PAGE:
Main Births etc
—  Municipality  —
Delft City.jpg
Flag of Delft.svg
Coat of arms of Delft.svg
Coat of arms
Coordinates: 52°0′54″N 4°21′24″E / 52.015, 4.35667Coordinates: 52°0′54″N 4°21′24″E / 52.015, 4.35667
Country Netherlands
Province South Holland
 • Total 24.08 km2 (9.30 sq mi)
 • Land 23.21 km2 (8.96 sq mi)
 • Water 0.87 km2 (0.34 sq mi)
Population (1 January 2008)
 • Total 96,168
 • Density 4,180/km2 (10,800/sq mi)
  Source: CBS, Statline.
Time zone CET (UTC+1)
 • Summer (DST) CEST (UTC+2)

Delft (Dutch pronunciation: [dɛɫft], Loudspeaker pronunciation ) is a city and municipality in the province of South Holland (Zuid-Holland), in the Netherlands. Delft is located between the larger cities of Rotterdam and The Hague. Delft is primarily known for its historic town centre with canals; also for the painter Vermeer, Delft Blue pottery (Delftware), the Delft University of Technology, and its association with the Dutch royal family, the House of Orange-Nassau.


From a rural village in the early Middle Ages Delft developed to a city, that in the 13th century (1246) received its charter.
(For some more information about the early development, see the article "Gracht", section "Delft as an example").

The town's association with the House of Orange started when William of Orange (Willem van Oranje), nicknamed William the Silent (Willem de Zwijger), took up residence in 1572 At the time he was the leader of growing national Dutch resistance against Spanish occupation of the country, which struggle is known as the Eighty Years' War. By then Delft was one of the leading cities of Holland and it was equipped with the necessary city walls to serve as a headquarters.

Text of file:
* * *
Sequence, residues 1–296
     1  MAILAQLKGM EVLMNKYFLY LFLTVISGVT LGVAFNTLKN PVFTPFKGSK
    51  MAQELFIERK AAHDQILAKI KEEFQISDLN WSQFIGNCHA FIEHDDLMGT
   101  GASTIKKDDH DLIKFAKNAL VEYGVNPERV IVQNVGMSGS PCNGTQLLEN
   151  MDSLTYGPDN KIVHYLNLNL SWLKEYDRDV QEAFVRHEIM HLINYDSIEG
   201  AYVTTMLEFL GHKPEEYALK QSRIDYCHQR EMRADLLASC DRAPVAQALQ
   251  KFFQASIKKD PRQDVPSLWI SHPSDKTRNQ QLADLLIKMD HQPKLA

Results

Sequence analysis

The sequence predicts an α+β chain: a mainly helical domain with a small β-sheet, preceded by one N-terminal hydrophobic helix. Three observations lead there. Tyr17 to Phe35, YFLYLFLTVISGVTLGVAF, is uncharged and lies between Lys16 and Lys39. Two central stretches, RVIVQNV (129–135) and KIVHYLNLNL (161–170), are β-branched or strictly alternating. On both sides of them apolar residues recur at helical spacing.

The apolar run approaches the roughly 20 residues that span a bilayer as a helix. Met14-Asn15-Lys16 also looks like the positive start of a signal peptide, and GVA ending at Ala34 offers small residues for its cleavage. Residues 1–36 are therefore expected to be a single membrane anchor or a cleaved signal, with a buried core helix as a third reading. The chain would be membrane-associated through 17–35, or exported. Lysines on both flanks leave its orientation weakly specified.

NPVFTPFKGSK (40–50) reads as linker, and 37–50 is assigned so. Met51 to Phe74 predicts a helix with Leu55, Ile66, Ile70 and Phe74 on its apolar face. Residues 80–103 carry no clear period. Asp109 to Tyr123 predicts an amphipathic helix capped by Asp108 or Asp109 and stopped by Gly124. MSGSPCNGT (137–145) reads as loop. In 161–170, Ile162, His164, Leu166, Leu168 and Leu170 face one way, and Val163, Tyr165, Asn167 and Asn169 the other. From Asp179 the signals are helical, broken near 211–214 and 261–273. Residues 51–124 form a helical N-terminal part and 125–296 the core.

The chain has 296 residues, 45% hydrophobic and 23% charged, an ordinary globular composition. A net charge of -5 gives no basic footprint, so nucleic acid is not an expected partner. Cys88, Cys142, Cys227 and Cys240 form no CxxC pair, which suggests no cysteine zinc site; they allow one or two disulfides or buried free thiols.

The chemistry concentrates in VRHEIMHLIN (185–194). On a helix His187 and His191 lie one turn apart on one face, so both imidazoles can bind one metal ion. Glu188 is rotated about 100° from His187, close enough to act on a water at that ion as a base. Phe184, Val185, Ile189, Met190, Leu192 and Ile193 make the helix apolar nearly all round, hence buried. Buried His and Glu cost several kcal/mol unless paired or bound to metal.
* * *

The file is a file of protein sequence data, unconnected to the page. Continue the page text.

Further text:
After the Act of Abjuration was proclaimed in 1581 Delft became the de facto capital of the newly independent Netherlands, as the seat of the Prince of Orange.

When William was shot dead in 1584, by Balthazar Gerards in the hall of the Prinsenhof, the family's traditional burial place in Breda was still in the hands of the Spanish. Therefore, he was buried in the Delft Nieuwe Kerk (New Church), starting a tradition for the House of Orange that has continued to the present day.

Blaeu 1652 - Delft

Delft in 1652 (Blaeu)


Egbert van der Poel: A View of Delft after the Explosion of 1654

Jan Vermeer van Delft 001

View of Delft by Johannes Vermeer, 1660–1661

Cornelis Springer, The Gemeenlandshuis and the Old Church, Delft, Summer (1877)

The Gemeenlandshuis and the Old Church in (1877) by Cornelis Springer,

Delft ExplosionEdit

The Delft Explosion, also known in history as the Delft Thunderclap, occurred on 12 October 1654 when a gunpowder store exploded, destroying much of the city. Over a hundred people were killed and thousands wounded.